Female Soldiers Sue U.S. Government to Enter Combat


Two female soldiers are suing the U.S. government in an attempt to lift the country's ban on women in combat.

Command Sgt. Maj. Jane Baldwin and Col. Ellen Harding filed the federal lawsuit to put an end to restrictions in combat positions "solely on the basis of sex."

The women—both Army reservists—claim their military careers have been hampered by the ban on women in combat, and want the court to rule it unconstitutional for violating their equal protection rights under the Fifth Amendment.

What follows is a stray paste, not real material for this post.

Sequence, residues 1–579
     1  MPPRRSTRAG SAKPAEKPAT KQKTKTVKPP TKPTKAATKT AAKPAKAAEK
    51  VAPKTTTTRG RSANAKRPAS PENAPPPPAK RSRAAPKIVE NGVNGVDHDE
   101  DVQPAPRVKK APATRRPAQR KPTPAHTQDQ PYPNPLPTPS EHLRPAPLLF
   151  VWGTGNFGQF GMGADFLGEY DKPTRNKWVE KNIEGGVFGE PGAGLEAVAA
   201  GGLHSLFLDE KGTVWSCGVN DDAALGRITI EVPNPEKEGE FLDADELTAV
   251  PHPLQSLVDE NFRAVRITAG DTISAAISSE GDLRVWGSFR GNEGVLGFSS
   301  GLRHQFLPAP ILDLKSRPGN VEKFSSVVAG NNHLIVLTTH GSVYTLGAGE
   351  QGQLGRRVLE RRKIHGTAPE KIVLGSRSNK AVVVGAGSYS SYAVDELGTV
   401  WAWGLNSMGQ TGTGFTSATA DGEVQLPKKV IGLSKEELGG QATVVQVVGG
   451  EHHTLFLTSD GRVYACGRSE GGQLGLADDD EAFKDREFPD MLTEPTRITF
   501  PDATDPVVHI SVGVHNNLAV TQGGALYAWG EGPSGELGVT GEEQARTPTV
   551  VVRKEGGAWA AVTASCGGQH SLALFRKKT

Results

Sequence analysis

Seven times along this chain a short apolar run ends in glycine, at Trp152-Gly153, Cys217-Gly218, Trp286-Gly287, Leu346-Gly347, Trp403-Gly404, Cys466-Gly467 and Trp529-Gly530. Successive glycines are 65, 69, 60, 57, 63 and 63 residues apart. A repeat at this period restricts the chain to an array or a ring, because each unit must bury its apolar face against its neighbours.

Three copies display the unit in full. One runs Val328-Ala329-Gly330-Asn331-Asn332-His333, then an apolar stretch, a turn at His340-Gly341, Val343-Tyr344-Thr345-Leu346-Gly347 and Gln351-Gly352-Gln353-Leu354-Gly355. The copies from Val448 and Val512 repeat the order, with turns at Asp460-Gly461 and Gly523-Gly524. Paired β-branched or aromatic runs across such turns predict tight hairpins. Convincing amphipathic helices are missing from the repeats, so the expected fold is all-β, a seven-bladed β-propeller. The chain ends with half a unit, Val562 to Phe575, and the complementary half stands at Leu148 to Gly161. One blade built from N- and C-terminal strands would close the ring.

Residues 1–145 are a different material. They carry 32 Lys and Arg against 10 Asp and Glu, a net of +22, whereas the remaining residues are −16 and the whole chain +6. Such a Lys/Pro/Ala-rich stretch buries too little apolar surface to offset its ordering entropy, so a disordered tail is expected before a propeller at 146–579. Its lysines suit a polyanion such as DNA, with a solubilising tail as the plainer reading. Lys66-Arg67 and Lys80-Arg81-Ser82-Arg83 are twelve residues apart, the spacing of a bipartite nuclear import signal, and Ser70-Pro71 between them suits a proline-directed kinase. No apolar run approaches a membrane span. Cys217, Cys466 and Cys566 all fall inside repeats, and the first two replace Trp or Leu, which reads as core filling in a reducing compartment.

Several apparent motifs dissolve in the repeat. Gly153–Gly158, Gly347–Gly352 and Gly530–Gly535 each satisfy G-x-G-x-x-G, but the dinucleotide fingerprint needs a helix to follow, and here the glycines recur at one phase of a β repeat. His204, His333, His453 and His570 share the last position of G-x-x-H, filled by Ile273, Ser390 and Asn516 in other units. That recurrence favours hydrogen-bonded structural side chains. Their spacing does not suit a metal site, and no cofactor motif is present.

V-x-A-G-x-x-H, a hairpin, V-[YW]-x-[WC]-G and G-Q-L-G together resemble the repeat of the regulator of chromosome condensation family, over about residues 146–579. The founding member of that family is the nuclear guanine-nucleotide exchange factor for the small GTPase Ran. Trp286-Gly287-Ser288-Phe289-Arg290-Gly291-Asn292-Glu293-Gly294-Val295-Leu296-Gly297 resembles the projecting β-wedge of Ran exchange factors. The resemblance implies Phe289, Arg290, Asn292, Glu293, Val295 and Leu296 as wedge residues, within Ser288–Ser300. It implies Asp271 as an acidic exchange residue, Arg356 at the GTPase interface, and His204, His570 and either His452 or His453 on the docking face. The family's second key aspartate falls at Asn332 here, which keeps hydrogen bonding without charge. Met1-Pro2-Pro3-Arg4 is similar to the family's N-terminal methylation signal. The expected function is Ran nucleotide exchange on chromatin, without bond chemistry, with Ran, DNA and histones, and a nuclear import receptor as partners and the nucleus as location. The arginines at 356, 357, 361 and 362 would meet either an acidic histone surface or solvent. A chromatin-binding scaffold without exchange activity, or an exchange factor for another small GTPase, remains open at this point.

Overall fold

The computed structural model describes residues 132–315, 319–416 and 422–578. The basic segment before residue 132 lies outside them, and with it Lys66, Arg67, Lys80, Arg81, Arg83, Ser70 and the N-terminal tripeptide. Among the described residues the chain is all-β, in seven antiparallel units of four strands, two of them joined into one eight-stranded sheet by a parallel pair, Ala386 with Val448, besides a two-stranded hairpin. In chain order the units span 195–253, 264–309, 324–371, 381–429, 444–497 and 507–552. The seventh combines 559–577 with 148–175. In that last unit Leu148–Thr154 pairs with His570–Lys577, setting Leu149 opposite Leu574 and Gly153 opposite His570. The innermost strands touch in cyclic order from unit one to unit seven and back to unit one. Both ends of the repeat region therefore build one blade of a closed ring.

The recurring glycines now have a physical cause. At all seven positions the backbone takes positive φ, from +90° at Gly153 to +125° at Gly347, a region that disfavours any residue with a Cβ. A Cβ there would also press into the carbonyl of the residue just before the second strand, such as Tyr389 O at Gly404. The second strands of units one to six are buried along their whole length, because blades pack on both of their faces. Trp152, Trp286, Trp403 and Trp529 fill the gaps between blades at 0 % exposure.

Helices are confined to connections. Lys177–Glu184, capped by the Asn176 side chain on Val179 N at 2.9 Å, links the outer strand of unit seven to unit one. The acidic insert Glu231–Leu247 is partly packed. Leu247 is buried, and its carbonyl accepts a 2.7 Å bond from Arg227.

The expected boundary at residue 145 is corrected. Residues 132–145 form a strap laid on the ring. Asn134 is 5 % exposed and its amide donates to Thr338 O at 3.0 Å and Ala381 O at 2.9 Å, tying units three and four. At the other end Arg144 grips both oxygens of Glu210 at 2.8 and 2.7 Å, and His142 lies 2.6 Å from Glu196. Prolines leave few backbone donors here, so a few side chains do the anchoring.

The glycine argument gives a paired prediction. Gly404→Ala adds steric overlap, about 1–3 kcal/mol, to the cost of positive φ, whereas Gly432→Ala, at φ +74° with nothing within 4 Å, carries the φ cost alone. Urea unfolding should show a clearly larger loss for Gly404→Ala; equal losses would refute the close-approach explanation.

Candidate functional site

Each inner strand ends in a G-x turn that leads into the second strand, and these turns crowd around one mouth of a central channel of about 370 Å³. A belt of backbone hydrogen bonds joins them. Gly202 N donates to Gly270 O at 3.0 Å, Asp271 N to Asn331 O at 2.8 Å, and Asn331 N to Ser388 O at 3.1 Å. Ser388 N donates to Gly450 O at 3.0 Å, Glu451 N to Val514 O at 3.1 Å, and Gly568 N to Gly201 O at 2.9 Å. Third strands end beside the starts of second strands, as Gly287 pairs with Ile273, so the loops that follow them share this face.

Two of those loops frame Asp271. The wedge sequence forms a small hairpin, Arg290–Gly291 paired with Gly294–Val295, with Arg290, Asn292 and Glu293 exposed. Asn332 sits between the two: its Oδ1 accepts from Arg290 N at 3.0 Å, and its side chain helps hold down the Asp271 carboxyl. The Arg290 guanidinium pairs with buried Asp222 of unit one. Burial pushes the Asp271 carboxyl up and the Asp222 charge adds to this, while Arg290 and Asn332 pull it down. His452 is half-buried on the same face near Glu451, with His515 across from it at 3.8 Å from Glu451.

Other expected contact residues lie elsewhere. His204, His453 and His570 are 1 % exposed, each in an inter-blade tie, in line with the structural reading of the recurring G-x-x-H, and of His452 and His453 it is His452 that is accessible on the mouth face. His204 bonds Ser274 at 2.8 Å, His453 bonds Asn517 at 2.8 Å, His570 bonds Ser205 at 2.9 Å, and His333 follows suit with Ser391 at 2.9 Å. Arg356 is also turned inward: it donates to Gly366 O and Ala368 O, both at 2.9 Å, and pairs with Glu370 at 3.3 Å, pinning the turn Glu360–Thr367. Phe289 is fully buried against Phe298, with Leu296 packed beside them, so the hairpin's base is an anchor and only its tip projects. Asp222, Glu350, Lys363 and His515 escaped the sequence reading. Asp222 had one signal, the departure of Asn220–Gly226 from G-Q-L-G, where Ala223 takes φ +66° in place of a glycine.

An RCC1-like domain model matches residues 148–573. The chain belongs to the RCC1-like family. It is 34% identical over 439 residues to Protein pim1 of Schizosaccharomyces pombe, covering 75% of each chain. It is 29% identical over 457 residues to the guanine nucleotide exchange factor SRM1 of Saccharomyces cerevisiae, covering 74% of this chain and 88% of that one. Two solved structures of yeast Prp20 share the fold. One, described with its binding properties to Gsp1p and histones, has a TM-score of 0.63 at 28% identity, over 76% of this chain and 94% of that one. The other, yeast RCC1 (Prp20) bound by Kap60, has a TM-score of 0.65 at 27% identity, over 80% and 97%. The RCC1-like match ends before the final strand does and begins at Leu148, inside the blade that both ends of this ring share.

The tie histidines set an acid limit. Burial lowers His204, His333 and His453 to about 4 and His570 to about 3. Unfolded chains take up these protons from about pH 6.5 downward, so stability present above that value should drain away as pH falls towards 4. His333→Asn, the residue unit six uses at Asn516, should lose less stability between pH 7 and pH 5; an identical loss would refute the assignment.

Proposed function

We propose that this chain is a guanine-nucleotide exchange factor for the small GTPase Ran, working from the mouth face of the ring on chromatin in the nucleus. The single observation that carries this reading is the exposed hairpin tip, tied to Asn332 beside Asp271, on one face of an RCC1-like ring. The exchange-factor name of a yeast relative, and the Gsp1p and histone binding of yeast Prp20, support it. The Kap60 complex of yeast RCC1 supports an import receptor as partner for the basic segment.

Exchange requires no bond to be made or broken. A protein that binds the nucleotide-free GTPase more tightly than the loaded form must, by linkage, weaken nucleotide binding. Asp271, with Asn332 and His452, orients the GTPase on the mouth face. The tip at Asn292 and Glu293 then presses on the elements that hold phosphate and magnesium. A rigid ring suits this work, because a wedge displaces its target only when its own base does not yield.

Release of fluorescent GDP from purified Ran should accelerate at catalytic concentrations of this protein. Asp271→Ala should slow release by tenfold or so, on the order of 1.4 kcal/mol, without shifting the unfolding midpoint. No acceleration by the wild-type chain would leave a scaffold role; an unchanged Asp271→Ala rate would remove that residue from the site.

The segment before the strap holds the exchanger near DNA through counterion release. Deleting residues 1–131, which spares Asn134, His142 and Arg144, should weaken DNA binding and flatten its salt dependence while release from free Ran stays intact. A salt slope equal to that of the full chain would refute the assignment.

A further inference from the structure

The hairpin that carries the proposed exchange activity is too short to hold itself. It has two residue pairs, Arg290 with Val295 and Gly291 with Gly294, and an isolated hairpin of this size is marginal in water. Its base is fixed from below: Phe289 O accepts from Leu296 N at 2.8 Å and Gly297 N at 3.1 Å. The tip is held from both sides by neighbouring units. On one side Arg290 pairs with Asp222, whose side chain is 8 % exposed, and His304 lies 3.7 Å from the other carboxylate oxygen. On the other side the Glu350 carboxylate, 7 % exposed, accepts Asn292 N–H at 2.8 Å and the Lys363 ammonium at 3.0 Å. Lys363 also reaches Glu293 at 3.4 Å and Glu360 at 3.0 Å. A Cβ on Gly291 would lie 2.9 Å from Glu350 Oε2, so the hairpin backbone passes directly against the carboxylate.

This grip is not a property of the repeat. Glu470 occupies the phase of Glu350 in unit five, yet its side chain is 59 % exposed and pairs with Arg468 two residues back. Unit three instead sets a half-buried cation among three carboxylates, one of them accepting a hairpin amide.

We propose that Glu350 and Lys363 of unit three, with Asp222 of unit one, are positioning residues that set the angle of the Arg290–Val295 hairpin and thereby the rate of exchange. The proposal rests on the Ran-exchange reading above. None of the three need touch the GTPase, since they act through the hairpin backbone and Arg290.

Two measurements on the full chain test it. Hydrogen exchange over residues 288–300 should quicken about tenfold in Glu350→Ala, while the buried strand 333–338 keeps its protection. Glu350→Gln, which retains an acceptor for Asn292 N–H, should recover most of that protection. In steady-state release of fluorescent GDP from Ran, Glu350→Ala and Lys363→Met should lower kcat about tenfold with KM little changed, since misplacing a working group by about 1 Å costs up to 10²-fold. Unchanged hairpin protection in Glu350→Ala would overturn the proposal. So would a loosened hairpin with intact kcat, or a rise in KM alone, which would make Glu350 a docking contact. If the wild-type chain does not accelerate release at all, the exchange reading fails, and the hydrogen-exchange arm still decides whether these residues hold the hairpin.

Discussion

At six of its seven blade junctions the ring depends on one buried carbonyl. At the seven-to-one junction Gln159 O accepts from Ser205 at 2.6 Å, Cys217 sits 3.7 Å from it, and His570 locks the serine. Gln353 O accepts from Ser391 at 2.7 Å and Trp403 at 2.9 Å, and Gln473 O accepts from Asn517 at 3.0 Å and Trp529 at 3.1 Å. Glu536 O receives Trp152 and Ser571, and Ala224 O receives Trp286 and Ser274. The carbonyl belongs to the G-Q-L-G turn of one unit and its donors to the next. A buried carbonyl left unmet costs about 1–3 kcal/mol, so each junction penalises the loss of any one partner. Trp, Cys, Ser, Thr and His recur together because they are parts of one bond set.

The Pentagon unveiled a new policy in February that opened up 14,000 more positions to women in the military. It still barred them from serving in infantry, armor and special-operations units whose main job is frontline combat.

Women make up about 14.5 percent of active-duty military personnel. At least 144 female troops have been killed in Iraq and Afghanistan and more than 860 have been wounded since the conflicts began.